Ex-post Eval Week: Are we serious about project sustainability and exit? By Abu Ala Hasan
Published on the American Evaluation Association AEA365blog series: https://aea365.org/blog/ex-post-eval-week-are-we-serious-about-project-sustainability-and-exit-by-abu-ala-hasan/ January 18, 2021
I am Abu Ala Hasan, an independent consultant. I am an anthropologist, have been working in the NGO sector for 17 years. A large portion of my work are evaluations and research.
In 2018 we (Jindra Cekan and I) were selected to design exit strategy and learning documentation for a client. When we started, we found, despite having a plan for devising exit strategy, the implementing organisations involved only paid attention to that at the end of the project, having only three months.
Most startling was the fact that the informants, ranging from partner NGO officials, to community members involved gave us blank looks when asked about readiness for exit. Few NGO executives said that they would be able to continue some of the activities themselves. Almost none of the community members could answer exit questions; rather they tried to explain about the project services and their benefits.
Though it was thought provoking, it was not surprising at all due to existing NGO culture, where in practice, interventions are initiated and decisions made by the NGOs or funders, rather than the community.
So, why does it happen? First and foremost, exit is not taken seriously. Rather than trying to ensure sustainability of the project from the beginning or designing the project to achieve it, it is added, as if, an auxiliary component; apparently to fulfil criteria by outsiders. The word ‘exit strategy’ was mentioned twice and ‘sustainability’ five times in the action plan, a 38- page document, and we saw few activities.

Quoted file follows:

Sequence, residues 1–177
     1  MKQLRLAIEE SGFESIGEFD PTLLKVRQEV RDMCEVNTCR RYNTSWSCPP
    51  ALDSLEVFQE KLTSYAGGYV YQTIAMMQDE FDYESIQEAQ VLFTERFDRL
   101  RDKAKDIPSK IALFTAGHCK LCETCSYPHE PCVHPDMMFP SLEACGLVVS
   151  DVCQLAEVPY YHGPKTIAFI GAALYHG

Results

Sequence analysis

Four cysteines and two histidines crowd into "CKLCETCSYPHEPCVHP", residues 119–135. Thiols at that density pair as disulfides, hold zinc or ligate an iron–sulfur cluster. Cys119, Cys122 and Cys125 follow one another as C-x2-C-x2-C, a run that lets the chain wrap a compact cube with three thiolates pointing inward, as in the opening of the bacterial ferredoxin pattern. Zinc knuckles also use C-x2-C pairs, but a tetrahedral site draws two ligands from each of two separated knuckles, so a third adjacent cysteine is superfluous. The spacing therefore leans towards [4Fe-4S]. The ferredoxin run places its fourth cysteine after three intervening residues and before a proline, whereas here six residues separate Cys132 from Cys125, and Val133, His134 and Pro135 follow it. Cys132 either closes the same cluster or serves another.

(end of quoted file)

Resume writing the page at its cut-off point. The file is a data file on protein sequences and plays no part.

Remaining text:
While it takes time, the trend of project cycle has been increasingly heading towards shorter duration. A decade ago most projects were planned for five years or longer but now one to three years is the norm. This is not only counterproductive for sustainability but also detrimental to bring about significant social change (outcome/impact). The community members’ reactions indicated that sustainability was unfamiliar; it appeared, they were not informed or there was no such discussion with them. Planning for sustainability was not taken seriously.
To ensure sustainability and proper exit:
There should be sincere commitment and effort towards sustainability and exit from NGOs
Sustainability and exit planning should be built in the project implementation process from design stage. Projects should be designed for sustainability and not ignored
Involvement of the community members, their voice and participation in decision making at all stages is very important for sustainability and proper exit
Except for emergency projects, development projects should be longer in duration and properly evaluated periodically
For exit and sustainability planning these resources could be helpful: